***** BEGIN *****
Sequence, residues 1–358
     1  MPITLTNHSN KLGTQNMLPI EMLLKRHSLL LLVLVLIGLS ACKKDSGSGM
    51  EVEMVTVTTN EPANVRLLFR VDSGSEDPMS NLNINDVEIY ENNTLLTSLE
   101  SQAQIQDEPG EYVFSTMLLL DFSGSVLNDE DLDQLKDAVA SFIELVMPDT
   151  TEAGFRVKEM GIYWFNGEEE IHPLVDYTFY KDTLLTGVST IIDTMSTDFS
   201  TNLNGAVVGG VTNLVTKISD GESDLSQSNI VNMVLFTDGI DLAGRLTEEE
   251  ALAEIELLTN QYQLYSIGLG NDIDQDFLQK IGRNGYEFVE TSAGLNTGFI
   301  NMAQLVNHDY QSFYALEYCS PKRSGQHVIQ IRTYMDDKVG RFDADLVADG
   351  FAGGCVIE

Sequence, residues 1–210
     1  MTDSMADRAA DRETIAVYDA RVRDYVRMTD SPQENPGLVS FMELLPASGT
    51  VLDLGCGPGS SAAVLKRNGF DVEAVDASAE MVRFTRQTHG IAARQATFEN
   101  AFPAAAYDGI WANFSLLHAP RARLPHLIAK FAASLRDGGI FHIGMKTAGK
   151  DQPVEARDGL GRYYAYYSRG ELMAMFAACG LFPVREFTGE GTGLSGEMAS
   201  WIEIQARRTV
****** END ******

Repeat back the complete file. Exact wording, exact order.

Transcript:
Sequence, residues 1–358
     1  MPITLTNHSN KLGTQNMLPI EMLLKRHSLL LLVLVLIGLS ACKKDSGSGM
    51  EVEMVTVTTN EPANVRLLFR VDSGSEDPMS NLNINDVEIY ENNTLLTSLE
   101  SQAQIQDEPG EYVFSTMLLL DFSGSVLNDE DLDQLKDAVA SFIELVMPDT
   151  TEAGFRVKEM GIYWFNGEEE IHPLVDYTFY KDTLLTGVST IIDTMSTDFS
   201  TNLNGAVVGG VTNLVTKISD GESDLSQSNI VNMVLFTDGI DLAGRLTEEE
   251  ALAEIELLTN QYQLYSIGLG NDIDQDFLQK IGRNGYEFVE TSAGLNTGFI
   301  NMAQLVNHDY QSFYALEYCS PKRSGQHVIQ IRTYMDDKVG RFDADLVADG
   351  FAGGCVIE

Sequence, residues 1–210
     1  MTDSMADRAA DRETIAVYDA RVRDYVRMTD SPQENPGLVS FMELLPASGT
    51  VLDLGCGPGS SAAVLKRNGF DVEAVDASAE MVRFTRQTHG IAARQATFEN
   101  AFPAAAYDGI WANFSLLHAP RARLPHLIAK FAASLRDGGI FHIGMKTAGK
   151  DQPVEARDGL GRYYAYYSRG ELMAMFAACG LFPVREFTGE GTGLSGEMAS
   201  WIEIQARRTV